Still Separate, Still Unequal

1458 Words6 Pages

Unequal Education In Schools
The American dream has always been conceived as the abundance of opportunities that the United States has to offer. One of these includes the offer of equal and quality education for all kids, no matter who they are or where they come from. But the startling truth is that schools in the U.S. are NOT equal: some kids receive a high- quality education, while others do not. What is the reason for this, may you ask? Well, the quality of education is based upon the schools themselves, where social class and race separate kids. The segregation of schools based on socio- economic status has caused unequal education opportunities for kids in the United States. As a result, kids are not able to achieve future success in …show more content…

It is certainly not helpful in a college setting, where learning practically depends on critical thinking and analysis of every topic covered in class. These students’ education is practically useless in the professional job market, where a college education is not only needed to function, but is also required. The unfortunate part is that “working- class” or inner- city schools are far from improving, as Jonathan Kozol emphasizes in his essay “Still Separate, Still Unequal.” He states “As racial isolation deepens and the inequalities of education finance remain unabated and take on new and more innovative forms, the principals of many inner- city schools are making choices that few principals in public schools that serve white children in the mainstream of the nation ever need to contemplate” (Kozol, 6). He basically claims that as the conditions get worse at inner- city schools, which also have high numbers of low- income minority students, many principals have to implement rules and certain teaching styles that really do not benefit the intellectual development of kids. So, knowing all the negative results that come from getting an education in the terrible conditions of these schools, many families who have a low socio- economic status try to avoid it all together. However, these families’ resources are scarce and their options are quite few. They could try paying for a private school, which can be very costly, or take their chances in …show more content…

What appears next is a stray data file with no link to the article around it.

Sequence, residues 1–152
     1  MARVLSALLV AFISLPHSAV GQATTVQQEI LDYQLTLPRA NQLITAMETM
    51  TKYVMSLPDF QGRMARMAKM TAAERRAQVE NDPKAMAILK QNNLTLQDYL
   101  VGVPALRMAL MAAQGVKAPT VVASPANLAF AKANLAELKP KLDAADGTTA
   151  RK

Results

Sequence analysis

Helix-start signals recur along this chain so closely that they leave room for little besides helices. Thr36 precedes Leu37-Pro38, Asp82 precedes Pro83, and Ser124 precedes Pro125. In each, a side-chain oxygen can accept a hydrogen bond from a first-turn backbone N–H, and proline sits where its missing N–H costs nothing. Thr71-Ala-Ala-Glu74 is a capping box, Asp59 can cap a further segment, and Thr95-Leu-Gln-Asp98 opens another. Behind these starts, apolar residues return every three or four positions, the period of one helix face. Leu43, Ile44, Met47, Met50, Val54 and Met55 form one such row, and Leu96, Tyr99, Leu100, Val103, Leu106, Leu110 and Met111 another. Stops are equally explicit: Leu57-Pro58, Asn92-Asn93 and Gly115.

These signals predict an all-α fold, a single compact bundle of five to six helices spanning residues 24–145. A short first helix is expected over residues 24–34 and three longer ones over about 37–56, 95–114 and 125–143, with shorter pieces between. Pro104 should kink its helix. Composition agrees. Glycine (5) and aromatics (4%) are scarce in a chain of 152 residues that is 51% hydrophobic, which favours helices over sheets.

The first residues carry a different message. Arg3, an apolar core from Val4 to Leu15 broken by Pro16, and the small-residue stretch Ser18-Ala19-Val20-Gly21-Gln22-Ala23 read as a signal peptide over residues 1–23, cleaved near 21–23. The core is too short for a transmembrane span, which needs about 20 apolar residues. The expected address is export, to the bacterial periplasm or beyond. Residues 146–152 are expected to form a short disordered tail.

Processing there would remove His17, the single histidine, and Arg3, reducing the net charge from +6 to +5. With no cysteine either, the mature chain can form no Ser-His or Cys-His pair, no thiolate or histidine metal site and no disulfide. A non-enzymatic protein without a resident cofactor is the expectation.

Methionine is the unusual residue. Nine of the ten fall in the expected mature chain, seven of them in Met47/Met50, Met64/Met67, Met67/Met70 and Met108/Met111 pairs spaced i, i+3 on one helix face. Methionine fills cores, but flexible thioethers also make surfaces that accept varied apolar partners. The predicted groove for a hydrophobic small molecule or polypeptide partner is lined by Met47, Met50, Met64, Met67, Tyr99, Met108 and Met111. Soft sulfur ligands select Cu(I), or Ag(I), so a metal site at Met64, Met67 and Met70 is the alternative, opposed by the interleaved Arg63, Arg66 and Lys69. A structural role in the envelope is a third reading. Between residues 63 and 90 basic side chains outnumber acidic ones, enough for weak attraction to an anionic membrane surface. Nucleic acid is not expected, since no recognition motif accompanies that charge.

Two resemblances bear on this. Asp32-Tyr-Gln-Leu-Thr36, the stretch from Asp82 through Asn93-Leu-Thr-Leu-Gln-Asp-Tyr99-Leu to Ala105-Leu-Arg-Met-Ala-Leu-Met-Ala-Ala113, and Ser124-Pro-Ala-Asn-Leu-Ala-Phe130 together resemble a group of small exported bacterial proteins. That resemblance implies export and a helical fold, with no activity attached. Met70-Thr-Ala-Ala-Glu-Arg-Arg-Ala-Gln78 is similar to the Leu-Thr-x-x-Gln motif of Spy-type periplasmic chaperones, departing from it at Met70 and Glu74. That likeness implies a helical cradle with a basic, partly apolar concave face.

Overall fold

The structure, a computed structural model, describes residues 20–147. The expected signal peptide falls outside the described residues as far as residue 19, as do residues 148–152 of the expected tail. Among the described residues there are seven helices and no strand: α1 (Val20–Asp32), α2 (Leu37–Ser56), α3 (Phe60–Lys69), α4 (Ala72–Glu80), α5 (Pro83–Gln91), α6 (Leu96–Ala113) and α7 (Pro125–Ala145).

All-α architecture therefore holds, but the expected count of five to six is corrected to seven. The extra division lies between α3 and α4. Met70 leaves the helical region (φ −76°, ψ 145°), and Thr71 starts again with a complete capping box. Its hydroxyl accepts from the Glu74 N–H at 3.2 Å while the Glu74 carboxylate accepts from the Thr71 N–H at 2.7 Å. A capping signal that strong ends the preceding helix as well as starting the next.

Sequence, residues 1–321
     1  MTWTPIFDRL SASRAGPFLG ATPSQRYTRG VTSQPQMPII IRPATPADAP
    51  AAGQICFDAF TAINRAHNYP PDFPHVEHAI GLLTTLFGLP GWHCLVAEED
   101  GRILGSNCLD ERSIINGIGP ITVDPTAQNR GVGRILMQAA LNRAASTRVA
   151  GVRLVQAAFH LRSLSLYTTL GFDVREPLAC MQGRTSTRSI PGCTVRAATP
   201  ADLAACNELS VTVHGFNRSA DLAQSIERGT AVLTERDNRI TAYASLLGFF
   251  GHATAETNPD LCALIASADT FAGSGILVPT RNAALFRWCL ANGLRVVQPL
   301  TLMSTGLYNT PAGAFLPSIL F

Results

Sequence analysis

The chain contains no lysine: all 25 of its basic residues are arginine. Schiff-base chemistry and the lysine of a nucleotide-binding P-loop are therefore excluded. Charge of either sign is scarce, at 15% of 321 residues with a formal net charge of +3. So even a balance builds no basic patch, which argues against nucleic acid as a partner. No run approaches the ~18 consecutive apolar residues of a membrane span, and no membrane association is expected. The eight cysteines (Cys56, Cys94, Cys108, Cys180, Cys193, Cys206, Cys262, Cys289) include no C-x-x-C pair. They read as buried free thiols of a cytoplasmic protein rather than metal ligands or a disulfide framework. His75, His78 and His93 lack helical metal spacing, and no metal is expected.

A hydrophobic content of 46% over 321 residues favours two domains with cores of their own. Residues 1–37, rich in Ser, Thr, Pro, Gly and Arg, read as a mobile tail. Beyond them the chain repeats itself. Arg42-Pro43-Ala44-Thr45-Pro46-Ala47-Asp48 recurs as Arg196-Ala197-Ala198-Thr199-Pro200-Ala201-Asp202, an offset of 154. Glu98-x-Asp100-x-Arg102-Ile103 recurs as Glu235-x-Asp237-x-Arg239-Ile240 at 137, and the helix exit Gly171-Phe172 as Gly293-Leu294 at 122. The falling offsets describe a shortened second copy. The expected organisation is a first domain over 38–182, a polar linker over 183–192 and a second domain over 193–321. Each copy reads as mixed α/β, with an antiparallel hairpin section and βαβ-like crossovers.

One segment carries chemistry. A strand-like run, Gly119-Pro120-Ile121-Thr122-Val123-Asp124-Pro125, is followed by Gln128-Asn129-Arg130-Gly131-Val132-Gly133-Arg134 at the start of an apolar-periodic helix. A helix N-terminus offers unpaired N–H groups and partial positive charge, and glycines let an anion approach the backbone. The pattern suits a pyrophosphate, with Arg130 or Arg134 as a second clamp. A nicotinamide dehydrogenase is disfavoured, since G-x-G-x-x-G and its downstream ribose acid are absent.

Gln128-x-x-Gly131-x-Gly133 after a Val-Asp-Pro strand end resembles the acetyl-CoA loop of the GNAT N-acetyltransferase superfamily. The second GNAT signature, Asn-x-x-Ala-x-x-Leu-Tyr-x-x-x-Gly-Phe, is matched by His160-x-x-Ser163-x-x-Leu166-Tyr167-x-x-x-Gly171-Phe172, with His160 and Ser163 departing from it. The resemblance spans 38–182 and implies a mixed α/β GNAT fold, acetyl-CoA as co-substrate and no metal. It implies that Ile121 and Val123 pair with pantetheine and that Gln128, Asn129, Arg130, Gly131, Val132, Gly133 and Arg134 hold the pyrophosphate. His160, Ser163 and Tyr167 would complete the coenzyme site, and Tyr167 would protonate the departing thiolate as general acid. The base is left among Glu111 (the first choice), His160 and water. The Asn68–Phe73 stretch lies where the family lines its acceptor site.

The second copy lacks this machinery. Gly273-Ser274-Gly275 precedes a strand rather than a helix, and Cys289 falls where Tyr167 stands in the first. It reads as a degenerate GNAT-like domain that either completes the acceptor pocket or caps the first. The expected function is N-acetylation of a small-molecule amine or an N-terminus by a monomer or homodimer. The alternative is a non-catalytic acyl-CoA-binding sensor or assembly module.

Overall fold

It is disheartening when great minds become trapped in these unfortunate learning situations, because we lose what they could have been able to achieve. It is obviously not a child’s fault that they were born into the social class they belong to, but they have no way around it. So when they get stuck in a school that does nothing to provide for an active learning environment, many kids become frustrated with school due to the lack of intellectual stimuli and eventually come to dislike school all together. Some may even develop destructive habits, as they have nothing else to serve as a distraction. Mike Rose is one person who had this experience, as so accurately recalled in his essay, “I Just Wanna Be Average.” In the essay, he recounts being placed in the vocational track of education in his school, where he learned nothing but useless information that did nothing to academically challenge him. He observes how easily dreary all of his school subjects became and describes the way many of his fellow classmates felt being in vocational education for two years, being deemed as “slow.” They became confused and frustrated at the restrictive work, eventually rejecting their education and beginning to accept their status as “average” learners. Rose states “ The tragedy is that you have to twist the

Open Document